Paraguay assumes Mercosur presidency

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In July 17th the Paraguayan president, Horacio Cartes, assumed the rotating role of presidency of the Mercado Común del Sur (Mercosur, the Southern Cone customs union) at the trade bloc’s 48th summit in the Brazilian capital, Brasília.


Mr Cartes received the post from the Brazilian president, Dilma Rousseff, who had occupied the role for the previous six-month period. This development is particularly important for Paraguay, as it marks the first time that the country has held the position since the country’s temporary suspension from Mercosur in 2012, following the highly controversial lightning impeachment of its president at that time, Fernando Lugo (2008‑12). Paraguay’s suspension was a politically contentious topic in the country throughout the interim government of Federico Franco (2012‑13), and the country was reinstated following the inauguration of Mr Cartes in August 2013.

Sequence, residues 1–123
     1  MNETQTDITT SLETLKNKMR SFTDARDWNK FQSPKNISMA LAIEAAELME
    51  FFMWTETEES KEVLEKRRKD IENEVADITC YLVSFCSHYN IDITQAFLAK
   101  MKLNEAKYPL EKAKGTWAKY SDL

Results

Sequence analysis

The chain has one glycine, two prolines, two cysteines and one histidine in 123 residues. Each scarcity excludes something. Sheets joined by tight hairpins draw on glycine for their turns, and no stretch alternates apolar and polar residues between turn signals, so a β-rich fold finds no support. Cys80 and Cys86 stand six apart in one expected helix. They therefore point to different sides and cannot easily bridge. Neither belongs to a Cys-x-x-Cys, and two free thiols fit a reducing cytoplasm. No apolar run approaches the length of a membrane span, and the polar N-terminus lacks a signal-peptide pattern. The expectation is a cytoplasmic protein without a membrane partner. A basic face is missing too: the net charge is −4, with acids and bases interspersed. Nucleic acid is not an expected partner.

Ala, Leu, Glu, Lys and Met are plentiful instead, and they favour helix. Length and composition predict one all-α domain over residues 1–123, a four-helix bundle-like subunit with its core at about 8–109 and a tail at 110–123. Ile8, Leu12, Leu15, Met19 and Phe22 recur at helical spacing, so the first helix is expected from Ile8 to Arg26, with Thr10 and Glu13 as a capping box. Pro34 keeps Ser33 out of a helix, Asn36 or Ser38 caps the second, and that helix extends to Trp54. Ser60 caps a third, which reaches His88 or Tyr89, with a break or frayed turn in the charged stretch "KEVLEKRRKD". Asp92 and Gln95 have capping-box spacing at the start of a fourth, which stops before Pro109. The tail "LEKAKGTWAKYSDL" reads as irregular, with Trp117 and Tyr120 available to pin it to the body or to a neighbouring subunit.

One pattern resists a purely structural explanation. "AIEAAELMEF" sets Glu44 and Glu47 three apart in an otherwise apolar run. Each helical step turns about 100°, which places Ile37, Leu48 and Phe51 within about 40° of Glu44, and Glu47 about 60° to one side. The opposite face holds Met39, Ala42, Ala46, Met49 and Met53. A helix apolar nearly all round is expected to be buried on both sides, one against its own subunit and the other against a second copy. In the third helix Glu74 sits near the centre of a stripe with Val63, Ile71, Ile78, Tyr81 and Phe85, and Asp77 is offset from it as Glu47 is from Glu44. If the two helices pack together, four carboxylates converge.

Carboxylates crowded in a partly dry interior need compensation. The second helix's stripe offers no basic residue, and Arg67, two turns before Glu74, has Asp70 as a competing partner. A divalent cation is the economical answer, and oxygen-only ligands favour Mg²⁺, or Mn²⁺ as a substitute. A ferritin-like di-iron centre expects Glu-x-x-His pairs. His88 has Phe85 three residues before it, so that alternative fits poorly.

Upon assuming the Mercosur presidency, Mr Cartes underlined his desire to promote “trade without obstacles” among members of the bloc (currently Argentina, Brazil, Paraguay, Uruguay and Venezuela, with Bolivia expected to be formally admitted in the near future). In particular, protectionist trade policy in Argentina has caused friction.

During the summit, Mr Cartes also reiterated his position on a Mercosur‑EU trade deal that has been debated since the 1990s, but has faced numerous obstacles and delays, particularly in recent years, owing mainly to Argentina’s intransigence. Discussion of a potential two‑speed process—allowing the countries to reach deals with the EU in separate rounds rather than all at once—has come to the fore recently, with Brazil, Paraguay and Uruguay all having expressed an interest in such an arrangement. However, this would necessitate an elimination of a consensus clause in the bloc’s founding treaty, which requires all members to be in agreement in order for a decision to be made. Talks with the EU have been scheduled for the third quarter of this year, with both parties expected to exchange lists of proposals. Paraguay’s new position will be important, as in its role as president it will in effect be leading the negotiations on behalf of Mercosur.

Impact on the forecast

The designation of Paraguay as temporary president of Mercosur substantiates our forecast that the country will continue to bolster its links with the bloc following its temporary suspension. Although Mr Cartes’s enthusiasm for a deal with the EU should help to keep such a pact on the agenda, we retain our view that a trade agreement will be slow to materialise.


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